(Pycnanthemum virginianum) Perennial in the Mint Family, native to Appalachia. Narrow leaves, clusters of white flowers, to 36” tall. “The strongest of mints” with a knock-out flavor and fragrance. We suspect it inspired the first Mint Julep since it is so big and bushy – falling over and blocking paths – during the hottest part of Summer, and isn’t adding it to booze a sensible Southern innovation? Drought-tolerant once established.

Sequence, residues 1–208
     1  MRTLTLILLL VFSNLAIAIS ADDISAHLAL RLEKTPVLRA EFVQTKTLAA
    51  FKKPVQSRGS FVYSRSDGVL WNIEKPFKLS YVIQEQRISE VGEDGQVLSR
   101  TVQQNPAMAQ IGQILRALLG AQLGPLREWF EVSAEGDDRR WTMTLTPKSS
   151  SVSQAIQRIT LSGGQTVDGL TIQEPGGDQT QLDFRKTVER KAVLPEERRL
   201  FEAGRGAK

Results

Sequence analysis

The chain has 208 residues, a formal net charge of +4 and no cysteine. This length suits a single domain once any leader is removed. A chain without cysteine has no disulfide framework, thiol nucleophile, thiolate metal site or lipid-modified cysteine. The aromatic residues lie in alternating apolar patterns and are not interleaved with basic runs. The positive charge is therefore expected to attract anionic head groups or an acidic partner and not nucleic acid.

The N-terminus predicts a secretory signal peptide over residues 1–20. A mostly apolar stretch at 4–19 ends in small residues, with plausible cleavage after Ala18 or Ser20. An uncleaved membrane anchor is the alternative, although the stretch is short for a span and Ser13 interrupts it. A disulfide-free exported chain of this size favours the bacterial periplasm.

Planting suggestions: Average garden soil sufficient. Full sun. Direct-sow or sow into flats around the Final Frost, or earlier. Give 12” spacing. Forms slowly expanding clumps; is not a running-root mint.
Contains 50 seeds.